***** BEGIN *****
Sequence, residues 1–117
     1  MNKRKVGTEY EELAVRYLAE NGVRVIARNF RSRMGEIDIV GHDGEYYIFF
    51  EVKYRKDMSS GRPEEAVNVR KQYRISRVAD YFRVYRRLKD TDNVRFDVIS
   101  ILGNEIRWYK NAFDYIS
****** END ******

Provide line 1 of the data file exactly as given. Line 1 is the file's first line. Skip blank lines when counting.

Sequence, residues 1–117